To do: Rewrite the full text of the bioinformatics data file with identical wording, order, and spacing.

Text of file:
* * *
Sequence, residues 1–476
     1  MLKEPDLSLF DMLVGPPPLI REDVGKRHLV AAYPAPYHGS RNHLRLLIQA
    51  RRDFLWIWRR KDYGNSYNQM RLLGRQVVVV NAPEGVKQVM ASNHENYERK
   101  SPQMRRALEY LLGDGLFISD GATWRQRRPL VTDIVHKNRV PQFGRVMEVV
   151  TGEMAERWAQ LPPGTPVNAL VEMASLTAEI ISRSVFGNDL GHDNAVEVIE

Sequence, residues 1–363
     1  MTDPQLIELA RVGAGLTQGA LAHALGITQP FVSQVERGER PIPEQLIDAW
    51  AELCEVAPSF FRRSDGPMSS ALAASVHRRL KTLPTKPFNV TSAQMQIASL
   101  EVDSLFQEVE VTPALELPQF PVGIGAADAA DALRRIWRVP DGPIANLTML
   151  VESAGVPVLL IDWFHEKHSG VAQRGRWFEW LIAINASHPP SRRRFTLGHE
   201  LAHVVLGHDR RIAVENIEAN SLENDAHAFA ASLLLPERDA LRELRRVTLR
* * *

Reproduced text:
Sequence, residues 1–476
     1  MLKEPDLSLF DMLVGPPPLI REDVGKRHLV AAYPAPYHGS RNHLRLLIQA
    51  RRDFLWIWRR KDYGNSYNQM RLLGRQVVVV NAPEGVKQVM ASNHENYERK
   101  SPQMRRALEY LLGDGLFISD GATWRQRRPL VTDIVHKNRV PQFGRVMEVV
   151  TGEMAERWAQ LPPGTPVNAL VEMASLTAEI ISRSVFGNDL GHDNAVEVIE

Sequence, residues 1–363
     1  MTDPQLIELA RVGAGLTQGA LAHALGITQP FVSQVERGER PIPEQLIDAW
    51  AELCEVAPSF FRRSDGPMSS ALAASVHRRL KTLPTKPFNV TSAQMQIASL
   101  EVDSLFQEVE VTPALELPQF PVGIGAADAA DALRRIWRVP DGPIANLTML
   151  VESAGVPVLL IDWFHEKHSG VAQRGRWFEW LIAINASHPP SRRRFTLGHE
   201  LAHVVLGHDR RIAVENIEAN SLENDAHAFA ASLLLPERDA LRELRRVTLR